Monday, February 22, 2016


(originally published in The Outreach Connection in January 2003)

I’m an immigrant to Canada – one of the luckiest of all immigrants in that I came here as an English speaker, with a Canadian wife and a good job already lined up. I wouldn’t pretend to have suffered or struggled in the way that the term “immigrant” often connotes. Still, I’ve shared the experience of arriving in Canada with a profound sense of fear and insecurity, of not recognizing basic references or understanding basic rituals, then of assimilating and settling into accepting Canada wholeheartedly as the place where I ought to be.

Ten years ago, my wife and I had a choice between New York and Toronto. At the time I may have been somewhat more inclined toward the former – after all, it’s New York. But we mutually decided to come here instead. I’ve never regretted it for a second, and I’d be very reluctant to move to the States now; I’m generally lukewarm even about visiting there. I’ve become very disillusioned with America (I suppose a cynical interpretation might be that this is the measure of how I’ve become Canadian). It’s de rigeur to be a detractor of George W. Bush, but my heart sinks whenever I contemplate the record to date. It’s so far beyond a laughing matter.

The 51st State

The other week I was watching the action movie Formula 51. In its European release it was called The 51st State, which alludes to Britain, where most of the action is set, as an appendage of the US. There’s a scene where a Liverpool drug dealer played by Rhys Ifans (a former schoolmate of mine in Wales, readers may recall) lays out a vast arsenal of high-tech guns for the inspection of an assassin played by Emily Mortimer (the winsome younger sister from Lovely and Amazing). It’s one of those scenes that wallows in the intimacy of destructive possibility, of Schwarzenegger-type murderous potential dropped into your back yard. I was rather taken aback at the crassness of it. And then it struck me – I couldn’t imagine something like this in a Canadian film.

Not that I’ve seen every Canadian film, of course, so there may be some evidence to the contrary that I’m not aware of. But if there is, it’s an anomaly. British films increasingly spawn that kind of posturing – think of Guy Ritchie movies (pre-Swept Away), Gangster No. 1, numerous other Rhys Ifans movies. And yet, British gun control is even tougher than Canada’s, and the murder rate is almost as low. Not to mention that given the geographical distance, Canada ought to be far more susceptible to cultural influence from the south. But we seem to retain our decorum in a way that others, frankly, don’t.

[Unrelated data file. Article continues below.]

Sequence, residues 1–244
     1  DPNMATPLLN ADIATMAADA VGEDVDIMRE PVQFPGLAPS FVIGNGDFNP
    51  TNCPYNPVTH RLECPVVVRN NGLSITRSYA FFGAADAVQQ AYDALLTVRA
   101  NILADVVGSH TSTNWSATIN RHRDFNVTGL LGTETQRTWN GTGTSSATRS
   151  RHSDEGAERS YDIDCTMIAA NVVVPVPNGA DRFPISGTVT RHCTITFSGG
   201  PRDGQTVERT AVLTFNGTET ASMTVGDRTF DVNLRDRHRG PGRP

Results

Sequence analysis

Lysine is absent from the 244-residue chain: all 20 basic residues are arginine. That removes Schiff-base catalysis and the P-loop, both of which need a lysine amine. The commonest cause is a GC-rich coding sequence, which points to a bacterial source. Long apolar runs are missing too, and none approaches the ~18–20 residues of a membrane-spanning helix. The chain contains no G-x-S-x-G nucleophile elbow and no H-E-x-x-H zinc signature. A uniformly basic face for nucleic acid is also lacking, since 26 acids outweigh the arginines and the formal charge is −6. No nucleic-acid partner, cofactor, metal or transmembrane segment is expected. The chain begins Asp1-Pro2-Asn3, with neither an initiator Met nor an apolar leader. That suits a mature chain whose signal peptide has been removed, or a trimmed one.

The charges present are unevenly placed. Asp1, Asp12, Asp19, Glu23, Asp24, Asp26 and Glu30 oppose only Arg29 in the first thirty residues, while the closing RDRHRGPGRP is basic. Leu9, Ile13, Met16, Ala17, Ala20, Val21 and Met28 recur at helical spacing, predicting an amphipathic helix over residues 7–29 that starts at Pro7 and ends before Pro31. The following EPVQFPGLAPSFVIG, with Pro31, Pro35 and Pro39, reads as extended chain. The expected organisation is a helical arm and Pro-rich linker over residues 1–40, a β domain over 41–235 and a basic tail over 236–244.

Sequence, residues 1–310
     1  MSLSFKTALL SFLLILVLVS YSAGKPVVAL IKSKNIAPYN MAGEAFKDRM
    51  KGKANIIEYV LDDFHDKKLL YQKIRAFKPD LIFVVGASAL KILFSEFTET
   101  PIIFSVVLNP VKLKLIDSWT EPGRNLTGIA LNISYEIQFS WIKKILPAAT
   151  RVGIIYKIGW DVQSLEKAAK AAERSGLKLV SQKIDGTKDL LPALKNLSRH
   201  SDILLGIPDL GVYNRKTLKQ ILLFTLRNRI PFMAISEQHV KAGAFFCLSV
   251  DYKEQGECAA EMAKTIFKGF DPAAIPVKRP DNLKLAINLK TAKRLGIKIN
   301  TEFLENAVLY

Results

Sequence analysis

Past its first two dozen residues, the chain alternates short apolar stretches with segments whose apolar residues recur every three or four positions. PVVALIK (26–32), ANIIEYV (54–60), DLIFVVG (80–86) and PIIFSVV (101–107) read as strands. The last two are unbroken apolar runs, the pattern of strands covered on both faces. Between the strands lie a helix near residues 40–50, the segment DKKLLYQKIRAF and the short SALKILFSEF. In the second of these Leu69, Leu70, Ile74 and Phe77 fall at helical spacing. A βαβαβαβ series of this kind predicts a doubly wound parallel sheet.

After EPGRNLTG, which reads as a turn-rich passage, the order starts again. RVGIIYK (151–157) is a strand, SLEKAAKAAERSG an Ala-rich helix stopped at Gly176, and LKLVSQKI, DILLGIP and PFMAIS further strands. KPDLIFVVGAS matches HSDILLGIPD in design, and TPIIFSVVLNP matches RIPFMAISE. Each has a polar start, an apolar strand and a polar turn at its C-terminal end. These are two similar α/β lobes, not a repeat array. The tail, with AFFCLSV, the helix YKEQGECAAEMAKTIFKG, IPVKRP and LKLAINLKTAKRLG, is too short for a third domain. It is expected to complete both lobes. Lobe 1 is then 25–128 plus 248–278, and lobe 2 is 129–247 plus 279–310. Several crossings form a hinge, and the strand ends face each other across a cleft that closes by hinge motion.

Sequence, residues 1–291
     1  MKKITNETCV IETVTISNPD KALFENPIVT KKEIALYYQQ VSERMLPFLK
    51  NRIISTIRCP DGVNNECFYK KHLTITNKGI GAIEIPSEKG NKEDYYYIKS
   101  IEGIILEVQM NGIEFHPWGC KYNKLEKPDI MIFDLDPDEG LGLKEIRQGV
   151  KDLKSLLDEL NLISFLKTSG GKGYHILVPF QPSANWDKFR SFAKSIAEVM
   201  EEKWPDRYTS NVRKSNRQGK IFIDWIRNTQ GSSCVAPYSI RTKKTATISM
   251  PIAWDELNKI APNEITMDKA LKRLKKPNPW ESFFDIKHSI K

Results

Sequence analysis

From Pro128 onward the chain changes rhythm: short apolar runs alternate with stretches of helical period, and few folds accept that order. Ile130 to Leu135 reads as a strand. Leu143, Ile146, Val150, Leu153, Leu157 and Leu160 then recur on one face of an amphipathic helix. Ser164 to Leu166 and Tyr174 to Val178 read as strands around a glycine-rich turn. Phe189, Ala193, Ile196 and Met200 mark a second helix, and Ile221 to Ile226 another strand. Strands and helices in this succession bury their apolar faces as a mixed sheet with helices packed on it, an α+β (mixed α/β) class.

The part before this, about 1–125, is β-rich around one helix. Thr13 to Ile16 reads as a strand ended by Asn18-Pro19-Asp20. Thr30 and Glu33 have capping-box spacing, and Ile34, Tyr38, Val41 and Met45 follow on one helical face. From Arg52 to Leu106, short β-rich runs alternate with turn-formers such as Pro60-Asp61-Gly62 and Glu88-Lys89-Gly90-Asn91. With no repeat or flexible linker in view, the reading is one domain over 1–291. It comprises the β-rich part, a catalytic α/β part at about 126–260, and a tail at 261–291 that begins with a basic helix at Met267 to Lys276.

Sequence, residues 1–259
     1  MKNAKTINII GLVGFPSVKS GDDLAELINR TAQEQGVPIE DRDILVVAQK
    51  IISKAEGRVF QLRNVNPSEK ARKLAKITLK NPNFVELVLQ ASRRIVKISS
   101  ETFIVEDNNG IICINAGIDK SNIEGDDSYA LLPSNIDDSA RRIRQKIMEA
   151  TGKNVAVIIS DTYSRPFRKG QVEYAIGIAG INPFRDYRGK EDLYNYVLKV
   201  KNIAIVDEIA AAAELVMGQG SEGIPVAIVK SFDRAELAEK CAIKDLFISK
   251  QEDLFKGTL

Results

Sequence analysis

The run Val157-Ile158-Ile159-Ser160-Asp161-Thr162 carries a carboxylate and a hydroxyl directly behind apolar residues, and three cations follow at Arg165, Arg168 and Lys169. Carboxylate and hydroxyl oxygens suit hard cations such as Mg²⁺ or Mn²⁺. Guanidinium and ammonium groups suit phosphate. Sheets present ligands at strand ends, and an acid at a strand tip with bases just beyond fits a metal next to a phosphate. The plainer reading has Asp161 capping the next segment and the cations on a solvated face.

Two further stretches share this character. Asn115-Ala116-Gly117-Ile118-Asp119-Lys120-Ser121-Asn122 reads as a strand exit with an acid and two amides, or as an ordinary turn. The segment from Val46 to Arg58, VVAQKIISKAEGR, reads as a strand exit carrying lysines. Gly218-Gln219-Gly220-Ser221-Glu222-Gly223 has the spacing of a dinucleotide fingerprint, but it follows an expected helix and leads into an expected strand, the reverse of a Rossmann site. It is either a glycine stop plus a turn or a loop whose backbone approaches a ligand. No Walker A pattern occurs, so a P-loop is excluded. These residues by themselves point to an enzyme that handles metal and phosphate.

Michael Moore’s Bowling for Columbine explores America’s gun culture, with the bear-like Moore doing his familiar sub-Letterman shtick with a variety of nuts and celebrities (most prominently, NRA president Charlton Heston), weaving in some broader reflections on what led the country to its wretched state. The movie effectively establishes its key thesis – that America’s propensity for guns and violence is correlated with a pervasive excess of fear: fear of violent crime, home invasion, fear itself, and of more esoteric threats that fade in and out, like shark attacks and killer bees. The sensationalist media feeds this frenzy; so do the swaggering language of politicians, the coarse popular culture, and a bastardization of the country’s “traditions.” Guns in such jumpy hands breed violence that seems to reinforce the original fear, leading to more guns and more violence – a delusional, sick spiral.

Litmus tests

The movie is rife with omissions though. Most prominently – Moore says he’s a lifelong member of the NRA, and although he says in interviews that he merely holds his membership for contrarian purposes, this isn’t clear from the film. It never actually proposes banning personal use of guns, and says nothing about control measures stopping short of that. It just keeps reasserting the broad, relatively easy point that America has too many guns.

But, and here’s the surprise, it allegedly doesn’t have so many more guns than Canada, on a per capita basis (according to the movie). So Moore comes to Sarnia and Windsor and Toronto, where he “discovers” that Toronto’s “slums” look like America’s middle-class neighborhoods, and no one locks their doors. Which makes you wonder about the accuracy of what he shows us of America. But still, he captures the key point: that Canada avoids America’s neuroses and rhetorical excesses.

That famous slogan “it’s the economy, stupid” wasn’t quite right, or at least isn’t now. Americans don’t just vote the big-ticket issues. On the contrary, they allow issues like gun control and abortion and other ideological “litmus tests” to outweigh any subtler considerations. If they thought about it rationally, they’d realize the substance of their lives isn’t found there. But they don’t think, and the country thus drifts into dysfunction. The gap between rich and poor widens to a potentially destabilizing extent, and still the Republicans propose further tax cuts and breaks that would widen the disparity further. America’s dealings with the rest of the world have regressed to the crudity of good vs. evil, with the UN lectured on its lack of “backbone” and the whole notion of international cooperation reduced to a cynical shrug.

Raw anger